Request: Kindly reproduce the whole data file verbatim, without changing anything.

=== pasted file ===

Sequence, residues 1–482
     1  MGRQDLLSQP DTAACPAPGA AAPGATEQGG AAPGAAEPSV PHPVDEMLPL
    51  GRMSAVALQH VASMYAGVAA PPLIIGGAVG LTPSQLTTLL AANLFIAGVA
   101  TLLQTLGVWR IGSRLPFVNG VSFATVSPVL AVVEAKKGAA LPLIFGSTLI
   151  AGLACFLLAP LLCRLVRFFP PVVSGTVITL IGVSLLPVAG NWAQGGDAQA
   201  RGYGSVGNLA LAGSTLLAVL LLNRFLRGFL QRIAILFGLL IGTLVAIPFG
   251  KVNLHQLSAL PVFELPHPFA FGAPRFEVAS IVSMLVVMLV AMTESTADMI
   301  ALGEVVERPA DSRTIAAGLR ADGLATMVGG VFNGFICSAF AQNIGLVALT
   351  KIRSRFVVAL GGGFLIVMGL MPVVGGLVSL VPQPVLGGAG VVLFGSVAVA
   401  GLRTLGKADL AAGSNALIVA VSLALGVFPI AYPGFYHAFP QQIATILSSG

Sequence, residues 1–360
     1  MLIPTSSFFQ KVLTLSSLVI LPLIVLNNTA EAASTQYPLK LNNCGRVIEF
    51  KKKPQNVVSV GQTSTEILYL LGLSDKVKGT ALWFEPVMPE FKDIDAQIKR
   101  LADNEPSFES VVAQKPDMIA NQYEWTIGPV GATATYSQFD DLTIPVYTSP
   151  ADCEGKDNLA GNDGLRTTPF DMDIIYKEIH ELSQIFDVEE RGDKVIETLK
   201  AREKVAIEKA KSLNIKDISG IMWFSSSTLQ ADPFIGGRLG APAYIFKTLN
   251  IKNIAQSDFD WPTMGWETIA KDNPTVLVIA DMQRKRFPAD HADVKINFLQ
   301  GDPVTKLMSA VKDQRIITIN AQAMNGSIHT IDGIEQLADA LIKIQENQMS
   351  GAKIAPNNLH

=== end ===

Sequence, residues 1–482
     1  MGRQDLLSQP DTAACPAPGA AAPGATEQGG AAPGAAEPSV PHPVDEMLPL
    51  GRMSAVALQH VASMYAGVAA PPLIIGGAVG LTPSQLTTLL AANLFIAGVA
   101  TLLQTLGVWR IGSRLPFVNG VSFATVSPVL AVVEAKKGAA LPLIFGSTLI
   151  AGLACFLLAP LLCRLVRFFP PVVSGTVITL IGVSLLPVAG NWAQGGDAQA
   201  RGYGSVGNLA LAGSTLLAVL LLNRFLRGFL QRIAILFGLL IGTLVAIPFG
   251  KVNLHQLSAL PVFELPHPFA FGAPRFEVAS IVSMLVVMLV AMTESTADMI
   301  ALGEVVERPA DSRTIAAGLR ADGLATMVGG VFNGFICSAF AQNIGLVALT
   351  KIRSRFVVAL GGGFLIVMGL MPVVGGLVSL VPQPVLGGAG VVLFGSVAVA
   401  GLRTLGKADL AAGSNALIVA VSLALGVFPI AYPGFYHAFP QQIATILSSG

Sequence, residues 1–360
     1  MLIPTSSFFQ KVLTLSSLVI LPLIVLNNTA EAASTQYPLK LNNCGRVIEF
    51  KKKPQNVVSV GQTSTEILYL LGLSDKVKGT ALWFEPVMPE FKDIDAQIKR
   101  LADNEPSFES VVAQKPDMIA NQYEWTIGPV GATATYSQFD DLTIPVYTSP
   151  ADCEGKDNLA GNDGLRTTPF DMDIIYKEIH ELSQIFDVEE RGDKVIETLK
   201  AREKVAIEKA KSLNIKDISG IMWFSSSTLQ ADPFIGGRLG APAYIFKTLN
   251  IKNIAQSDFD WPTMGWETIA KDNPTVLVIA DMQRKRFPAD HADVKINFLQ
   301  GDPVTKLMSA VKDQRIITIN AQAMNGSIHT IDGIEQLADA LIKIQENQMS
   351  GAKIAPNNLH